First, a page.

When borrowers resist imposition of a receivership based on a defaulted deed of trust by citing receivership cases treating the remedy of receivership as “harsh” and “extraordinary,” lenders frequently emphasize and take advantage of the distinction between the concepts of a rents and profits receivership and a general equity receivership. Lenders and their attorneys argue—correctly—that the appointment of a rents and profits receiver following a trust deed default should be more or less routine when the trust deed or other loan documents contain a valid "rents assignment" provision, and that cases setting exacting standards for the appointment of a general equity receivership are inapposite to the appointment of a rents and profits receiver under a defaulted trust deed. Lenders will commonly argue—again correctly—that case law holding that the appointment of a receiver is a harsh and extraordinary remedy to be applied sparingly (see e.g., City & County of San Francisco v. Daley, 16 Cal. App. 4th 734, 745 (1993)) is inapplicable to a rents and profits receiver both because the borrower has already agreed to the appointment in the loan documents and because the purpose of a rents-and-profits receiver is a limited one focusing on the preservation of the property and the collection and preservation of rents. See e.g., Turner supra, 72 Cal. App. 3d at 812-814 (a rents and profits receiver is “limited and special;” the rents and profits emanating from the property are impounded for the benefit of the mortgagee, but the debtor retains its other property).

     Having obtained the appointment of a receiver, however, many lenders and their attorneys quickly change their tunes and assert that the rents and profits receivership is not limited and that the receiver can do anything a general equity receiver can do. This common reversal of position argument on the nature of a rents-and-profits receivership is a revealing one.

     Since the trust deed rarely, if ever, contains language authorizing the receiver to actually sell the security, the lender must rely on statutes and case law that apply to the power of receiver for an entity or corporation to sell that corporation's assets. But this argument disproves itself. A general equity receiver (or, for that matter, a state law trustee, a bankruptcy trustee, or an attorney in fact) can sometimes sell a corporation's or other person’s property, real or personal, based on the power and authority to act on behalf the person that is the owner of the property and thus has the right to sell it on a consensual basis. But property cannot sell itself. A receiver that is acting only as a rents and profits receiver for identified property rather than as a receiver for the person of a corporation or legal person can no more sell the property than the property can sell itself.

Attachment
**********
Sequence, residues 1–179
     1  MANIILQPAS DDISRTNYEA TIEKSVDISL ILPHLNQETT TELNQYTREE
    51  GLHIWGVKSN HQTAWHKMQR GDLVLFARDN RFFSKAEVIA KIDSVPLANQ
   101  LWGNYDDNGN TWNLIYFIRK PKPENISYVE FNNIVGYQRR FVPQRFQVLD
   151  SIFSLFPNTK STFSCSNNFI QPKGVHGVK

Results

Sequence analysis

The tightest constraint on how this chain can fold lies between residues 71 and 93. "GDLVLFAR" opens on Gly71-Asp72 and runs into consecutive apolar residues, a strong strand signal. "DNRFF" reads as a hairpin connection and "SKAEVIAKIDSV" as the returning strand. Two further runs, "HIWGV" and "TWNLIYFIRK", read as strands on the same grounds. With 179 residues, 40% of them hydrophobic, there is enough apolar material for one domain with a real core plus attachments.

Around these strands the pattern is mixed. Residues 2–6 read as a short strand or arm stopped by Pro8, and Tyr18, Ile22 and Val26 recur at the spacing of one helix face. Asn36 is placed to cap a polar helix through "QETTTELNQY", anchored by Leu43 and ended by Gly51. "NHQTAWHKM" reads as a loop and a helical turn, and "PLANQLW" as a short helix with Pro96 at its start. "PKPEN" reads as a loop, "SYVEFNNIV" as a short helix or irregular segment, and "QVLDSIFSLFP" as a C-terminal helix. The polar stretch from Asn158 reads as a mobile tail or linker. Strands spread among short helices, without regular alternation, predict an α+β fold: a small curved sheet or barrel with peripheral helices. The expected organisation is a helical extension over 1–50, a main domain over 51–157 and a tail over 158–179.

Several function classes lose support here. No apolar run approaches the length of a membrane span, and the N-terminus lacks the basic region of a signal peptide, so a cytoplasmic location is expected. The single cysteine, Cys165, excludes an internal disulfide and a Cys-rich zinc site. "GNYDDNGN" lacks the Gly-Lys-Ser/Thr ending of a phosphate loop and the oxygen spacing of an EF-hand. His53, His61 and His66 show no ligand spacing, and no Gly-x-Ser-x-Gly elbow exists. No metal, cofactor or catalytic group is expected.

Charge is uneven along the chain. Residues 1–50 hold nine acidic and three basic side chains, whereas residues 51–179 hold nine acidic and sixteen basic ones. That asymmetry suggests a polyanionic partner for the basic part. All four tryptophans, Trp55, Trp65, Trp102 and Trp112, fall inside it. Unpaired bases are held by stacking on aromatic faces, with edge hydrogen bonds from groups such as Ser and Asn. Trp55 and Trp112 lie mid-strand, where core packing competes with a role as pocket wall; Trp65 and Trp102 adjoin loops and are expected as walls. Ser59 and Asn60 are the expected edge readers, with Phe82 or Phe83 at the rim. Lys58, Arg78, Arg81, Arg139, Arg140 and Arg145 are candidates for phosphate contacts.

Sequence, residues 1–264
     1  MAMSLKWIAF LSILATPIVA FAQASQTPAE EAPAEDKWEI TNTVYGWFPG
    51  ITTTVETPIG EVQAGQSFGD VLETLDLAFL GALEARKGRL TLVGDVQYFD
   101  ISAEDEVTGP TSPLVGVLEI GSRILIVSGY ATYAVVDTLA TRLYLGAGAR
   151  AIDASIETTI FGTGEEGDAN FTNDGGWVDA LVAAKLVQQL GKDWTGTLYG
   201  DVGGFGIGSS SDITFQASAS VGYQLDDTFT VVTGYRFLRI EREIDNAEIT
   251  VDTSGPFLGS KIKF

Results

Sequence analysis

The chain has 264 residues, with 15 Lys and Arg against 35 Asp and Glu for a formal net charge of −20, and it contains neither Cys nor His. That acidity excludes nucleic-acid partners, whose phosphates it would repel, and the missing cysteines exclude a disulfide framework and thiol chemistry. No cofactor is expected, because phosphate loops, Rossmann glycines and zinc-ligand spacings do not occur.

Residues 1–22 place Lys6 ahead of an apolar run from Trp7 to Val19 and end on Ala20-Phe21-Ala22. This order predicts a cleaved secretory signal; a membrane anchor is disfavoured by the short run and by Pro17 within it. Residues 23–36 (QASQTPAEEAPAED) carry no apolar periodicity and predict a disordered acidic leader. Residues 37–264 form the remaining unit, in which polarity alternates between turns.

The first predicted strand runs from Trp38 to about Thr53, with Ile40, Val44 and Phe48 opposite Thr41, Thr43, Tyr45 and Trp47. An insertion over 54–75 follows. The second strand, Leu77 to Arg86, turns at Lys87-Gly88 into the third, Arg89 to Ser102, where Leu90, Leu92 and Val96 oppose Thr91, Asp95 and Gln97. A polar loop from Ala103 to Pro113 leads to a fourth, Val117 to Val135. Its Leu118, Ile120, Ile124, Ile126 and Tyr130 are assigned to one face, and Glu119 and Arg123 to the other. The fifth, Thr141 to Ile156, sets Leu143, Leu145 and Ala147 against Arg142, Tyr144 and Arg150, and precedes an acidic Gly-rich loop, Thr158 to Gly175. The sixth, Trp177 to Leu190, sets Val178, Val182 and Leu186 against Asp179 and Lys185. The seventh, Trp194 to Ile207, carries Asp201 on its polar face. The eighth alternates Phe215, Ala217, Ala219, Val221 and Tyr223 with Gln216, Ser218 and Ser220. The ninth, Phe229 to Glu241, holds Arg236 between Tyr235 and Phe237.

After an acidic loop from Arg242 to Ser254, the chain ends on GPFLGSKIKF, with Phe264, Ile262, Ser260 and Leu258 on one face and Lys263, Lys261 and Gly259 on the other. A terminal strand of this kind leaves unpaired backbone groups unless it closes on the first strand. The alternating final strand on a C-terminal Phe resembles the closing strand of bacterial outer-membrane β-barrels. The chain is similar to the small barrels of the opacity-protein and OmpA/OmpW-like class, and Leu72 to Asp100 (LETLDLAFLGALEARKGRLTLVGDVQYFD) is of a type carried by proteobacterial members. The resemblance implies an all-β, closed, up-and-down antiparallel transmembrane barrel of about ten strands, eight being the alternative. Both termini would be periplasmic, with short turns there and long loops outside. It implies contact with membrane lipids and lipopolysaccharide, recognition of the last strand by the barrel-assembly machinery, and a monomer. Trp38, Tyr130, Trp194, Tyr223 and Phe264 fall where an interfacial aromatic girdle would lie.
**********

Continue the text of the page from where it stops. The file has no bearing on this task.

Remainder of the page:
The centerpiece and foundational concept of mortgage law is the borrower’s right or "equity" of redemption. That right of redemption is what makes a mortgage or a deed of trust a security interest instead of an ownership interest. The right of redemption from a mortgage or deed of trust is actually held, in California, both by the owner of property and by those holding a lien or other interest in the property inferior in priority to the deed of trust in question. Cal. Civ. Code §§ 2903-2905; O’Neil v. General Security Corp., 4 Cal. App. 4th 587, 603-605 (1992). It is precisely this equity of redemption that is cut off or “foreclosed” by a valid foreclosure sale. Historically and semantically, that is how foreclosure came to be called foreclosure. Nowhere in California law does there exist a provision that allows a receiver to cut off the equity of redemption, which is the defining feature of a mortgage or deed of trust. And nowhere in California law can one find any right analogous to Bankruptcy Code § 363 permitting the sale of property free and clear of liens or encumbrances or the transfer of the lien to the proceeds of that sale. Coppola v. Superior Court, 211 Cal. App. 3d 848 (1989). Thus, even if a rents and profits receiver’s sale could somehow overcome the absence of authorizing language in the deed of trust, there is no basis in California law to suggest that such a sale would cut off or foreclose junior interests any more than a voluntary deed or a deed in lieu by the borrower.